Home office. If you have a dedicated workspace in your home, whether it’s a spare bedroom or more standard office setup, the home office deduction is a must. Start by calculating your office’s square footage, then figure out what percentage of space it takes up when compared to your entire home. You can deduct that percentage from important bills like your mortgage or rent, Internet, office phone bill, and more. Be sure, however, that the primary use of this space is for work.
Travel expenses. When you travel for business, you can deduct a wide range of expenses, including your flight, hotel, car rental, and even a percentage of your meals. Even if you’re only working for part of the trip, you may still be able to deduct a portion based on the percentage of work to non-work time.
Insurance and retirement savings. Self-employed professionals can deduct a range of insurance premiums—from health insurance to liability coverage. Looking to save more of your income from taxes? Consider contributing to a SEP IRA or other retirement plan.
Advertising expenses. Materials you use to advertise your business—including paid ads, web hosting for your site, and business cards—are worth tracking to add to your expense list.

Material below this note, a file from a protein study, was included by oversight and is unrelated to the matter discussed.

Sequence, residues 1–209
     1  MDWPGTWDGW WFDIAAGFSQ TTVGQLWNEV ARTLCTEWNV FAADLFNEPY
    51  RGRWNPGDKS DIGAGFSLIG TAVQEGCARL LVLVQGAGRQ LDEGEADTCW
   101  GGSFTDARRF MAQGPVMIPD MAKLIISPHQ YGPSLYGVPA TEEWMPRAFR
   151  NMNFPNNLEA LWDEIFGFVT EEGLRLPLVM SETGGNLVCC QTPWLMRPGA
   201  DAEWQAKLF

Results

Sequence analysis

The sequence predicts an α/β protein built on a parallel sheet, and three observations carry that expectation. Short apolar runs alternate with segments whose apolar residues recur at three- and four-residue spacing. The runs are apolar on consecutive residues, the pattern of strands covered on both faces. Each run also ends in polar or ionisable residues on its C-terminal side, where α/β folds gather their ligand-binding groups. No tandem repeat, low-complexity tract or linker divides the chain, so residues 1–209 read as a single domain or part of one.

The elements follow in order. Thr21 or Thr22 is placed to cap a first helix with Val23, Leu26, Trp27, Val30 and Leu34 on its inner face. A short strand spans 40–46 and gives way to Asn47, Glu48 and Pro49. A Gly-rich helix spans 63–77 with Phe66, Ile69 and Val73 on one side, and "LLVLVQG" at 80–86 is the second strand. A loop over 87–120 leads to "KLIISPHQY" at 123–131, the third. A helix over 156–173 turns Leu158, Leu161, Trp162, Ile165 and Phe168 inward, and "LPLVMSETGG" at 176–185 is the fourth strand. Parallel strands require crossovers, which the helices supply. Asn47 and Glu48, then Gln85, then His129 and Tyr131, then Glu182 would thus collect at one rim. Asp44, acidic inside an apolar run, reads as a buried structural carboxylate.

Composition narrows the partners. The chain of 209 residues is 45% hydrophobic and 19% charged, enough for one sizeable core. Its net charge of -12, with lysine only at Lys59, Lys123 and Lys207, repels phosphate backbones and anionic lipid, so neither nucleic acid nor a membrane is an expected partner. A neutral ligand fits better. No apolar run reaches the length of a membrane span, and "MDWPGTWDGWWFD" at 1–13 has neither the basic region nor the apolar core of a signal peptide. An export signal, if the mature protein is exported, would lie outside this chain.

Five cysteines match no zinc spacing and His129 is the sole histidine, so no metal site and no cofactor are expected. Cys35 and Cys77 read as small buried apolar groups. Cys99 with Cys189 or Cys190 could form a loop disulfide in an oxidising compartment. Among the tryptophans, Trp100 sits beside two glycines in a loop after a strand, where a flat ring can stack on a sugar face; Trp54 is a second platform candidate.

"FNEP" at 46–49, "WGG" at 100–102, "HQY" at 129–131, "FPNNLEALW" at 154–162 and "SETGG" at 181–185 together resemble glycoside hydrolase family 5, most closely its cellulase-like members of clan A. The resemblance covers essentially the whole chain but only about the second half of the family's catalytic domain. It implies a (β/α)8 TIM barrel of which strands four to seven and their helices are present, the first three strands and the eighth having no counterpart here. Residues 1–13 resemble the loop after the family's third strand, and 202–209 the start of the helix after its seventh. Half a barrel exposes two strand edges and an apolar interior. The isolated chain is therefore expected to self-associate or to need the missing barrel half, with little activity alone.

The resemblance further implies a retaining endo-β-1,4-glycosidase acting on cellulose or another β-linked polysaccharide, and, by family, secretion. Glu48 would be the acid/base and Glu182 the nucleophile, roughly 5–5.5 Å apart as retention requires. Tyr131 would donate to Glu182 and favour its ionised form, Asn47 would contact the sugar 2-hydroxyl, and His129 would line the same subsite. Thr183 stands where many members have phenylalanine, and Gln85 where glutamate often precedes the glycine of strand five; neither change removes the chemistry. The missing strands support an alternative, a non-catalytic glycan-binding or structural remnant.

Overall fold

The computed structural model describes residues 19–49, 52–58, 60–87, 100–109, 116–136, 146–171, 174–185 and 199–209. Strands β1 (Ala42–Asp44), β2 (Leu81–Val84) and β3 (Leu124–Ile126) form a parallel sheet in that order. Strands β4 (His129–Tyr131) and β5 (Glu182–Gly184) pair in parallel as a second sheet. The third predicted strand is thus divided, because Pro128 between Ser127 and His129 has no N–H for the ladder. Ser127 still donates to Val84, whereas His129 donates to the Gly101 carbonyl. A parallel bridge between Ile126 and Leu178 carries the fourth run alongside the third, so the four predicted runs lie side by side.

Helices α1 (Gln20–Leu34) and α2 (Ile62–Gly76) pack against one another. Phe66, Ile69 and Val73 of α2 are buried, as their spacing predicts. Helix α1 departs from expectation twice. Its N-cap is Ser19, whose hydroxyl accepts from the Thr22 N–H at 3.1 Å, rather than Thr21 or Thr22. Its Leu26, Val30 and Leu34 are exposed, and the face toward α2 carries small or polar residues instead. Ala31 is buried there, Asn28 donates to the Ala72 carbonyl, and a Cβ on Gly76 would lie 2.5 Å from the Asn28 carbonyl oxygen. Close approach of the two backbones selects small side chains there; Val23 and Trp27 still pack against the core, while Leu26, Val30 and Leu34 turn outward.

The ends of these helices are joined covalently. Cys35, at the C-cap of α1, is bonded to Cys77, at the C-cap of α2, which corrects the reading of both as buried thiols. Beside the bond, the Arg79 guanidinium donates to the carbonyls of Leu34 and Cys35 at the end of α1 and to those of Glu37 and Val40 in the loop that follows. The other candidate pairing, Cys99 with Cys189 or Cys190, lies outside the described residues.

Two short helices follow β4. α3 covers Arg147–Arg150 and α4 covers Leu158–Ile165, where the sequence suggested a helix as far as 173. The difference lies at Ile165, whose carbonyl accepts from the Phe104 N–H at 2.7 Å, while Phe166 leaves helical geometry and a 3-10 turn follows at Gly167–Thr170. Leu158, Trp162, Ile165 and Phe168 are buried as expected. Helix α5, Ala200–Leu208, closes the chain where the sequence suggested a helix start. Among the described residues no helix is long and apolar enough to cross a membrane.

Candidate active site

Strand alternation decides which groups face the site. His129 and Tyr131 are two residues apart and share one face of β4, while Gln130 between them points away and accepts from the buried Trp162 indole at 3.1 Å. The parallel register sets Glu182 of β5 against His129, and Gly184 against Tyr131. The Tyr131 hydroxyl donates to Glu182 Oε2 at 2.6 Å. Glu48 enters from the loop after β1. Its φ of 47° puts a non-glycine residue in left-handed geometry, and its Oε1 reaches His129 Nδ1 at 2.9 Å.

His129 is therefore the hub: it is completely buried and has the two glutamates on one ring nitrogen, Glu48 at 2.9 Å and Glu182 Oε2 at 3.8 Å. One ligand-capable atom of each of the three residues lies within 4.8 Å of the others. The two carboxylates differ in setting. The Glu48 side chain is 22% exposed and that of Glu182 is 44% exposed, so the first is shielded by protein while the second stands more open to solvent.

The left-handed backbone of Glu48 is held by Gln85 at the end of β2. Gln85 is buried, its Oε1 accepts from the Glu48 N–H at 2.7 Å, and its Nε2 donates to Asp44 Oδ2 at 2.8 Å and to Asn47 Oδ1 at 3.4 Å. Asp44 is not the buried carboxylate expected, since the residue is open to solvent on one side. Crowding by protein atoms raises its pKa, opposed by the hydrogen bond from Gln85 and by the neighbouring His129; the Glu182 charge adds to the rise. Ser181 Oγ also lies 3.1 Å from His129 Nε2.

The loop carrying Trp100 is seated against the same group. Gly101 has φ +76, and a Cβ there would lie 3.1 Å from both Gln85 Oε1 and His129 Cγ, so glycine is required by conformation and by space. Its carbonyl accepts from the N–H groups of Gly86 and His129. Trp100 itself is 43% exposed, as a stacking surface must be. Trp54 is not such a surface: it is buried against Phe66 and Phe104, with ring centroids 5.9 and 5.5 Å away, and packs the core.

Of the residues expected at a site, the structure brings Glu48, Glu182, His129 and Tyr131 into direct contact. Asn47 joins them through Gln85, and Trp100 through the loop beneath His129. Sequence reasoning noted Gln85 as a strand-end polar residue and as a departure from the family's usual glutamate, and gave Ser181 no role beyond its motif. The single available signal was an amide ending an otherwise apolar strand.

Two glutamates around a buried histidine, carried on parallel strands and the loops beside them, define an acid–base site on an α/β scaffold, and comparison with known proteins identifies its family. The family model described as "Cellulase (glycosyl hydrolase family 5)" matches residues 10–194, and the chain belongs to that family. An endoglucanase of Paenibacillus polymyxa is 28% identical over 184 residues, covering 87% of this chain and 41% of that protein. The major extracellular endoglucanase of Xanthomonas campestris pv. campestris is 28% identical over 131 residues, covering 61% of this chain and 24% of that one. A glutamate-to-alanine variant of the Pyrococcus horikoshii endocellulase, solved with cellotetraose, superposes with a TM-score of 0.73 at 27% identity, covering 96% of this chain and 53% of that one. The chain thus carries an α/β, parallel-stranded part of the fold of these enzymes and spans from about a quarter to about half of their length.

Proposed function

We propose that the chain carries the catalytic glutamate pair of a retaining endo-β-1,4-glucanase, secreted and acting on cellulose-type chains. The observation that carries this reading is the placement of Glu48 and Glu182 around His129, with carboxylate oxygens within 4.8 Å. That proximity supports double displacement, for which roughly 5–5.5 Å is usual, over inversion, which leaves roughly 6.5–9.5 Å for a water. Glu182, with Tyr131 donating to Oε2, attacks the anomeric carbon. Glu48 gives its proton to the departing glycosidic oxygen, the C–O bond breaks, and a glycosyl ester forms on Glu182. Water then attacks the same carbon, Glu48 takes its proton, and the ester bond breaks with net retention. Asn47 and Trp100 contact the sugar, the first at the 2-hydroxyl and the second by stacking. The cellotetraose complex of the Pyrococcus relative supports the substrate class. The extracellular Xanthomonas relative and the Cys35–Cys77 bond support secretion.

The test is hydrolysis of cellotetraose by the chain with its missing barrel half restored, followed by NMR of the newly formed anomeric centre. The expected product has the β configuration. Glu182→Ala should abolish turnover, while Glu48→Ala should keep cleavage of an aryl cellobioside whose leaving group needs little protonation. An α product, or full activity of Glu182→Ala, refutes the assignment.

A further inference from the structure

Important Tax Deadlines to Remember
Once a minimum threshold of income is reached, self-employed individuals must pay taxes on the income they’ve made as it comes in. To avoid any penalties, estimated payments should be made quarterly to both your state’s taxing authority and the IRS. Here are the important dates and deadlines for 2016.
Taxes to be filed by:
April 18, 2016
Quarterly estimated payments due by:
April 18, 2016 (for payment period of Jan. 1 to March 31)
June 15, 2016 (for payment period of April 1 to May 31)
Sept. 15, 2016 (for payment period of June 1 to Aug. 31)
Jan. 17, 2017 (for payment period of Sept. 1 to Dec. 31)
How to Check Your Earnings by Client on Upwork
To help you keep track of your earnings for each of the clients you work with in a given year through Upwork, you can quickly print a report, so it’s easier to track your earnings when tax time rolls in.
Here’s a quick step-by-step walkthrough of how to access this info:
- Login to the Upwork dashboard and select Reports from the top toolbar. This will take you to a screen that shows your current work in progress, pending income, and your timesheet for the week.
- To the far right of this first graph, click on the More Reports button and select Earnings By Client from the dropdown menu.
- The next page will show you a detailed rundown of earnings by client. You can easily break the readouts down by year, quarter, or month. All of this information can also be downloaded in a CSV spreadsheet. That’s it!
This article does not address all tax issues for freelancers, and it cannot and should not be relied upon as legal advice. Readers are strongly encouraged to seek tax advice based on their particular circumstances from an independent tax advisor.
You can find more information about filing and paying taxes from the U.S. Small Business Administration. Looking for more articles with self-employment advice for freelancers? Check out the Hiring Headquarters.